Here are links to my recent posts about Alaska & Smoking Salmon:
Alaska Trip; Smoked Salmon Part I; Smoked Salmon Part II
Yes, it certainly felt like “The Last Frontier”.
Kenai peninsula lies just south of Anchorage and was where we were headed when we flew into Anchorage to meet our good friends Susan & Ross. The weather was overcast with showers every now & then – kind of what we had expected but not hoped for. Just outside Anchorage I snapped this shot as we swapped drivers on our way down to Seward.
This was Seward the next day as we walked from Murphy’s Motel over to the dock for our fjord cruise. Still wet & cloudy. We were told the main cruise would not go out due to high swells so we postponed to the next day and went to plan B which was coffee and a walk around the harbor.
Surprising number of yachts and I did wonder how much fun it was to sail in an environment were their summer feels like my winter. I will be the first to admit that I am a fair weather sailor and proud of my sensible decision.
This is the boat that we would go out on the next day. Today it was headed out on a short cruise within the calm waters of the fjord.
Andre had this idea to go hiking in the rain and we headed out to Exit Glacier. I know the foreground is dark but if I lighten it it washes out the details of the glacier.
Another view of Exit from across the valley. We were lamenting the lack of wildlife and were told by another hiker that there was a Bald Eagle’s next just outside of town – could have stayed in town to see them.
Off into town and a visit to the sealife center where we could practice our stalking of the captive wild life. Here is a puffin which became one of the species to see in the wild.
Took a drive out of town and sure enough there he was in a tree on the river bank. We had to find parking and walk back to get a better look at him. He obliged and perched in this tree which was really close to us.
I was lucky to have my finger on the trigger when he took off to find some grub.
Next day, Friday, we boarded our cruise at 8 am and headed out into the fjord. In my opinion there was not a whole lot of wild life around and the captain did his best to point things out. Here is a sea otter doing what he does best – float on his back for the tourists.
Another Bald Eagle and if you look carefully you’ll see a chick to the right of him.
Humpback whale – did not get too close to them and they were quick to “fluke” their tails as they dove away.
Holgate glacier where the captain nudged the boat deep in the ice flows and we saw a fair amount of “ice falling” action on the left side of the glacier – quite impressive.
It was really cold there so we soon vamoosed to find some other life forms.
Sea lions – the guy in the center was pretty active warding off anyone who came close.
Puffins in the wild.
Steller Sea lions with seagull artwork on the cliffs behind. Also note the body art on some of the Steller’s;- They are an endangered species and Alaska’s Fish & Game have been tracking their numbers and branding some of them so as to track and observe their habits.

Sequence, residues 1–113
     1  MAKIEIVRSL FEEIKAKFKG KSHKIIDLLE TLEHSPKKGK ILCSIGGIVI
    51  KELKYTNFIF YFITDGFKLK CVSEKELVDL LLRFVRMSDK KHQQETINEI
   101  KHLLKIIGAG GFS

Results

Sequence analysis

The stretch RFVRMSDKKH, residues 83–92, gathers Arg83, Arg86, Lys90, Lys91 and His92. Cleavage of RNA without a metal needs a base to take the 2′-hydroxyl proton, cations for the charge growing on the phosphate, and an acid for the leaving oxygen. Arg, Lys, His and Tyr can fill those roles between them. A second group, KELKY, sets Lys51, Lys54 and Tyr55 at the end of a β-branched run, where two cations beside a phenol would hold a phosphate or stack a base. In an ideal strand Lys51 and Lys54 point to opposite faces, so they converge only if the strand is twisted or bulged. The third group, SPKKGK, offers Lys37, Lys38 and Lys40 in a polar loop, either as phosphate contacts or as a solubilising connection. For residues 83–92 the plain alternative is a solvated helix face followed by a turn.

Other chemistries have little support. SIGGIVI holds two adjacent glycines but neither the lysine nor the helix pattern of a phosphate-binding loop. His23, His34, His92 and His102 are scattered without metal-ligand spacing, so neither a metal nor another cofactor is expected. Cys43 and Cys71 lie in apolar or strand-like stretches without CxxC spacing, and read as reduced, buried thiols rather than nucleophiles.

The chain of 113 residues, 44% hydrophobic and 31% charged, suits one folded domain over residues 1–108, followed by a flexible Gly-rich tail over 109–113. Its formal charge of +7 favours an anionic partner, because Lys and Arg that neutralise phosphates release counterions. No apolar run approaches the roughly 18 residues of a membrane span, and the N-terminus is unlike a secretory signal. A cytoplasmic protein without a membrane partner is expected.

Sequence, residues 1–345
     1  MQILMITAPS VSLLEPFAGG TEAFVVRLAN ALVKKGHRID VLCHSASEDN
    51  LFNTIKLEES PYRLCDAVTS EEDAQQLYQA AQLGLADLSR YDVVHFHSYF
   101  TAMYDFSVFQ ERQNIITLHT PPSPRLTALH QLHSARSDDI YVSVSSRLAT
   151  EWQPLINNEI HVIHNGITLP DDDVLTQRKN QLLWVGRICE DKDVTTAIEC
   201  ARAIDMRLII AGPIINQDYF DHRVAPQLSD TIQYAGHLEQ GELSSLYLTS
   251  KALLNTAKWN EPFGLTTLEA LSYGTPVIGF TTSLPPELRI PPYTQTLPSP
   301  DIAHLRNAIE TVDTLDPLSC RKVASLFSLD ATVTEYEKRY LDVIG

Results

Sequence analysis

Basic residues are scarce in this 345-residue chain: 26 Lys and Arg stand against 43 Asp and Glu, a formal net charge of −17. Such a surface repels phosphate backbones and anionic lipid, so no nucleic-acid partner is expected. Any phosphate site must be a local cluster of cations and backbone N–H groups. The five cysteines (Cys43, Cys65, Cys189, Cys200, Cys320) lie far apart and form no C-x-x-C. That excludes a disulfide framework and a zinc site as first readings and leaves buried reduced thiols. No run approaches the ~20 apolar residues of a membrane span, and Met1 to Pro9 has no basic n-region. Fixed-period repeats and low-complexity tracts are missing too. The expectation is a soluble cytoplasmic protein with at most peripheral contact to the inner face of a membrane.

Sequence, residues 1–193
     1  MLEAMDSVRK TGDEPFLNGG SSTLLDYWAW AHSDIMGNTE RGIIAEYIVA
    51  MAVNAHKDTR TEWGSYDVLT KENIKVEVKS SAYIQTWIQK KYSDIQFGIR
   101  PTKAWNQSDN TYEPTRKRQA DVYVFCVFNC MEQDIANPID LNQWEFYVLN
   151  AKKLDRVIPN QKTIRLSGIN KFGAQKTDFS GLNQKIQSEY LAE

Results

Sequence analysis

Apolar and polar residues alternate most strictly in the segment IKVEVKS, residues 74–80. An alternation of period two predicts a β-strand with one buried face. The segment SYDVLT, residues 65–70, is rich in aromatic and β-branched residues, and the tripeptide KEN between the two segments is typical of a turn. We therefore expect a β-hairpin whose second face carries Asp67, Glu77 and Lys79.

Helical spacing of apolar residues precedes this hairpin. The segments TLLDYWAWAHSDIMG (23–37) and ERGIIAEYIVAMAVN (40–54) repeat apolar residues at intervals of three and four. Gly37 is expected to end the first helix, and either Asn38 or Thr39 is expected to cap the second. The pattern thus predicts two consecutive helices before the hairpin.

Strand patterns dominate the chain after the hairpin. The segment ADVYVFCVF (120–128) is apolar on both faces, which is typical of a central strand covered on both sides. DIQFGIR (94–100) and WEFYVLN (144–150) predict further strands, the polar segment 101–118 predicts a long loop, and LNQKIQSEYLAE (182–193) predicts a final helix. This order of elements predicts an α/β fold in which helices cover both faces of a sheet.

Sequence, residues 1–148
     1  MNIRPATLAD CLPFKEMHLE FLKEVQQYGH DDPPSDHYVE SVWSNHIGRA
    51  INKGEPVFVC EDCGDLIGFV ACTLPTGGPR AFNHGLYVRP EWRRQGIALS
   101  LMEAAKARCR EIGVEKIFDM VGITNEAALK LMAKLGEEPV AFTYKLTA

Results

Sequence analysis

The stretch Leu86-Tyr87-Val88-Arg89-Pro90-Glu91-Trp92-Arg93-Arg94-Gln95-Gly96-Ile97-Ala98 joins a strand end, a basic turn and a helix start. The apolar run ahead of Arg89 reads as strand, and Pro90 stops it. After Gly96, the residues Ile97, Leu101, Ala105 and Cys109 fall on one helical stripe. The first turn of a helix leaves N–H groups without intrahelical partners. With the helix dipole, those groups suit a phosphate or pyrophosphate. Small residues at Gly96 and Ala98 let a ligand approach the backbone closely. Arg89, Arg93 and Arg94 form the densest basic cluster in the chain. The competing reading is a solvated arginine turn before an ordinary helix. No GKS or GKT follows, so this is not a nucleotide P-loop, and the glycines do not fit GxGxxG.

We left Seward and drove up to Soldotna were we met Larry at his cabin or latter christened to “man cave” 14 miles outside of town. There is a lot more story but for now I will suffice with Larry informing us that the water pipe from his well to the house was still frozen (he had only arrived a few days before us) but not to worry as he had filtered drinking water from his neighbor and was collecting rainwater that we could bucket into the bathroom to flush the toilet. He was trying to unfreeze the pipe by running a current through it to warm it and hence melt the presumed ice. Over the next two days this fiasco played out with water finally flowing late Sunday night just in time for our three days of fishing that we decided had to start by Monday to allow us to catch our flights out on Thursday. I don’t think anyone really knows what was originally wrong, what got fixed and what got broke getting fixed but in the end all the fixes aligned and water flowed.
In the meantime we went into town and walked along the banks of the Kenai to observe how this salmon fishing was done. Witnessed a few catches so we were enthused that, yes, there were Sockeye Salmon (reds) in the river and they could be caught.
Sunday we ventured down to Homer which is at the end of the road out of Anchorage, has a long “spit” extending out into the bay which lures both fishermen and tourists. Ate good halibut tacos, browsed the usual array of craft stores and coffee shops.
Little Larry and Big Larry toasting with Jagermeister after the water finally flowed. It’s another story but it is big Larry’s cabin and little Larry is a very good friend of his who was helping him.
I don’t have many photos of the river activities but we caught our full days quota and at the end of Monday had 3 x 5 = 15 reds with an average size of 9 to 10 lbs each. Not bad for rookies!
Could not help taking this shot – Larry was down at the dock talking to another local who had this shovel with him – methinks they know something about fishing that we don’t!
A fantastic adventure as we head back on the last day – We each had a “fish box” of frozen fish to take home as well as stuffing our checked bags up to their 50 lb airline limit.
Thank you very much Susan & Ross and of course Larry.